There are two commandments in the bible where God promises you long life: honoring your parents and shiluach haken – sending a mother bird away before you take her eggs from the nest. Eggs make me queasy. In fact they make me gag. Once I threw them all up in the kitchen sink.
In the Talmud the following incident is discussed: A man sends his son to drive a mother bird away. The son climbs the tree, reaches the nest and falls to his death. Where is punishment, the sages ask, and where is reward. In this world or the next?
I start to snack on little bits of myself: scabs, sores on my back, cuticles, the pointy edge of fingernails. I eat a box of croutons standing up, sucking the salt. I order double fries and say “I earned this.” I feel sick. I buy real Coca-Cola, a small bottle, then a liter and a half. I hide the Cadbury’s fruit and nut bar, but that’s only to make sure no one else can get it.
I give myself small gifts of time. I cancel dentist appoints, throw away notices from the post office, refuse to schedule a mammogram. I start to say things like denial is underrated or my new favorite, I’m tired of being in a body. These comments are guaranteed to stop any conversation.
In the world of excuses, I have been handed the ultimate currency. “My mother died,” I toss out, and afterwards people can’t stop apologizing, followed by hugs, sad looks and a long pause to give me time to collect myself. This is mean spirited, I know. I have discovered hidden receptors of annoyance. Everything bothers me.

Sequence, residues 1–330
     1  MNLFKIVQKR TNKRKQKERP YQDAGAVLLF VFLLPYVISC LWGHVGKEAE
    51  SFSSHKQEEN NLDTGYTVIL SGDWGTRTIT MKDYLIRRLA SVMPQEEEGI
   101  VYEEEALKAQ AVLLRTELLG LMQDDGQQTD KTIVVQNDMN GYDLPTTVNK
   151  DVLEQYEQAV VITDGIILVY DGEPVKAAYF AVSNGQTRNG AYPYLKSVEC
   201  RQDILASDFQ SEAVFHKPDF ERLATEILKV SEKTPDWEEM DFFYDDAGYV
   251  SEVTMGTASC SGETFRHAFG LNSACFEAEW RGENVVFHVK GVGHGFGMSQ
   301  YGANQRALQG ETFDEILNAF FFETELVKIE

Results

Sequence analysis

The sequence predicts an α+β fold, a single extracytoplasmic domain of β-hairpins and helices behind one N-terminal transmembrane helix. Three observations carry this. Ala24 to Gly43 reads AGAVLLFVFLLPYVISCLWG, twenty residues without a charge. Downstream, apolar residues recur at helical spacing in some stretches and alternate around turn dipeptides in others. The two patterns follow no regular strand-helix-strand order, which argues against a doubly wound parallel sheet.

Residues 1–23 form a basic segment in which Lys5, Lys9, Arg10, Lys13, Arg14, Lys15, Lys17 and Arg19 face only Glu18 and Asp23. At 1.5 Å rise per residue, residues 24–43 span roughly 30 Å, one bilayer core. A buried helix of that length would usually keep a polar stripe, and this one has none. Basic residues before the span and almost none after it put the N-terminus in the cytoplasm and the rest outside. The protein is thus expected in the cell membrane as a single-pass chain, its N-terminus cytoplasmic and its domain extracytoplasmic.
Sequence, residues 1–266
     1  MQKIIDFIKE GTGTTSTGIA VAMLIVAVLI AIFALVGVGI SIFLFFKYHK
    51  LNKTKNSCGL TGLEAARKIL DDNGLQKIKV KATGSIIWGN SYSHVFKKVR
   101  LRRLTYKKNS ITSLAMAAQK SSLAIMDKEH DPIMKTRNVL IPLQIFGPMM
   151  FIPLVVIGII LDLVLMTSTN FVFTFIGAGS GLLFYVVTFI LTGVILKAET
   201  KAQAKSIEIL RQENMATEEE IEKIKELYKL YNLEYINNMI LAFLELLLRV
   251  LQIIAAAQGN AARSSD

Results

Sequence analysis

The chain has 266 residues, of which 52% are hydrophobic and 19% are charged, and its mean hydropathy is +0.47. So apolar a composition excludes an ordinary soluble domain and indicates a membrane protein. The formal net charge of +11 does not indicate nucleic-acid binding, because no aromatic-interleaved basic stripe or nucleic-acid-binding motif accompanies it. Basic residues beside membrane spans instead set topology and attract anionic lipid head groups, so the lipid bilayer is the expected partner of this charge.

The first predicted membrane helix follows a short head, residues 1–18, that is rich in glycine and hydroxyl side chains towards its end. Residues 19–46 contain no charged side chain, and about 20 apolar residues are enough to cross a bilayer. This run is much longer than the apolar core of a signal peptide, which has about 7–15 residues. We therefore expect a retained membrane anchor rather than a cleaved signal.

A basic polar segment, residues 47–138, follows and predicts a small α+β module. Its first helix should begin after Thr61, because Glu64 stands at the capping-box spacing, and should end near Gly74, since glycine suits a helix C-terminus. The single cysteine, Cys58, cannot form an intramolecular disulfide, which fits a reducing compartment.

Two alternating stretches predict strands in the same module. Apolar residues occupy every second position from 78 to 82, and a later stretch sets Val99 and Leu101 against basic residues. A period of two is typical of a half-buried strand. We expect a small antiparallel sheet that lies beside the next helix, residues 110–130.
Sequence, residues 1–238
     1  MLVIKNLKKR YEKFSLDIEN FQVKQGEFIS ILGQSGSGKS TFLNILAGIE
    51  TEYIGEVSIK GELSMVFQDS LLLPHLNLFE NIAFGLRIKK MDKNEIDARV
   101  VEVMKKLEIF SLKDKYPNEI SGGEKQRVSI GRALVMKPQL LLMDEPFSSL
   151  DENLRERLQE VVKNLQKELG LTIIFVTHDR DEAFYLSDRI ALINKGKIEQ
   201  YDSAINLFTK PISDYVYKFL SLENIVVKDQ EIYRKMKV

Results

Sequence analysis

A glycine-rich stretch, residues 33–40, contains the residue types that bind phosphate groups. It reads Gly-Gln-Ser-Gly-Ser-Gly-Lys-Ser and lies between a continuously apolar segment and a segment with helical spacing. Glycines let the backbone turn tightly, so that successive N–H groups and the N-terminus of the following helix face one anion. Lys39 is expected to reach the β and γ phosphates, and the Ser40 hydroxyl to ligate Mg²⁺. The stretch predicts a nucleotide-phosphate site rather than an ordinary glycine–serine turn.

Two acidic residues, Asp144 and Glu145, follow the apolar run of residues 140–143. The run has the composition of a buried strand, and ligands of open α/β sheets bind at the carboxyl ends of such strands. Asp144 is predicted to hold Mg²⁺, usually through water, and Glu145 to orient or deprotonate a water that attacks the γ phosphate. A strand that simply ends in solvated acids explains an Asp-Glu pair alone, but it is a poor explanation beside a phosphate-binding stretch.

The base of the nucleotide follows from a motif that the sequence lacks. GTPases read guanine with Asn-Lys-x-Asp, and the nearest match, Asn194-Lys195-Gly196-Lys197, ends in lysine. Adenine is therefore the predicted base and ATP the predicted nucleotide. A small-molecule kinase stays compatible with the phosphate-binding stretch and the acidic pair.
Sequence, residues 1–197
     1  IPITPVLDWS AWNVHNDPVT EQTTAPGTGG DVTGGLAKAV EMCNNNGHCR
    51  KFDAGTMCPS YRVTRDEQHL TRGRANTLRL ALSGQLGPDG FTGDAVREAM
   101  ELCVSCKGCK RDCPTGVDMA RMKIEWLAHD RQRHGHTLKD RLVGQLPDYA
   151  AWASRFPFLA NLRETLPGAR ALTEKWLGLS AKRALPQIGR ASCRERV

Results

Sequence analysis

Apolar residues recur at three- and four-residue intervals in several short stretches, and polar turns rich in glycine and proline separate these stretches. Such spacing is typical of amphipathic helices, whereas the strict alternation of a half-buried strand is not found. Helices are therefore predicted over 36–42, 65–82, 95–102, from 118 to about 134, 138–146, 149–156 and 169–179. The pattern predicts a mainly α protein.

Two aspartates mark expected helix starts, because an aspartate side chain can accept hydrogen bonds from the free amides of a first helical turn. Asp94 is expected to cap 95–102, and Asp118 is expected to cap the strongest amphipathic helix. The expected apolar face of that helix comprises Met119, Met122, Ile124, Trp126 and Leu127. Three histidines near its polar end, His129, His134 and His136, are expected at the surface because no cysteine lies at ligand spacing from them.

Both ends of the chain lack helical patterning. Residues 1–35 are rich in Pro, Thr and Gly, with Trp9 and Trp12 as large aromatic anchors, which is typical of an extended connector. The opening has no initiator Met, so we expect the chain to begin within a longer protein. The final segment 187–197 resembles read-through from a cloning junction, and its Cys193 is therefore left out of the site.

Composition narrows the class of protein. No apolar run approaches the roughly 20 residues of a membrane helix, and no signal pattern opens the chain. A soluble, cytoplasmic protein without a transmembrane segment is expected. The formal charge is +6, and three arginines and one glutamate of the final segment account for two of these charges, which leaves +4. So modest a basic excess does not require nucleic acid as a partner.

I don’t want to be held by my mother. I want her to go.
Later, I understand my coffee was tainted.
The theory of homeopathy is based on water having memory. In fact the higher the dilution the more effective the remedy is. “Its like agitating a car key in the river,” says French immunologist Jacques Benveniste, “then going miles downstream, extracting a few drops and then starting one’s car with the water.”
While my mother’s caregiver ran to her room sobbing, while the hospice nurse whispered to the ambulance crew, while I waited for the burial society to open for the day – my mother was sloughing off everything she once needed in this world: hunger, anxiety, anger – all the soul’s detritus looking for a new home, drawn to any liquid conduit of memory, a cold kettle, a carton of milk, my bitter lukewarm cup, its mouth open and ready.
Jane Medved is the author of Deep Calls To Deep (winner of the Many Voices Project, New Rivers Press) and the chapbook Olam, Shana, Nefesh (Finishing Line Press) Recent work has appeared or is forthcoming in ONE ART: A Journal of Poetry, Literary Mama, Ruminate, The North American Review and The Contemporary Jewish Poetry Anthology (Greentower Press 2023). Her awards include winner of the 2021 RHINO translation prize and the 2021 Janet B. McCabe Poetry Prize – Honorable Mention. Her translations of Hebrew poetry can be seen in Hala, Hayden’s Ferry Review and Copper Nickel. She is the poetry editor of The Ilanot Review, and a visiting lecturer in the Graduate Creative Writing Program at Bar Ilan University, Tel Aviv.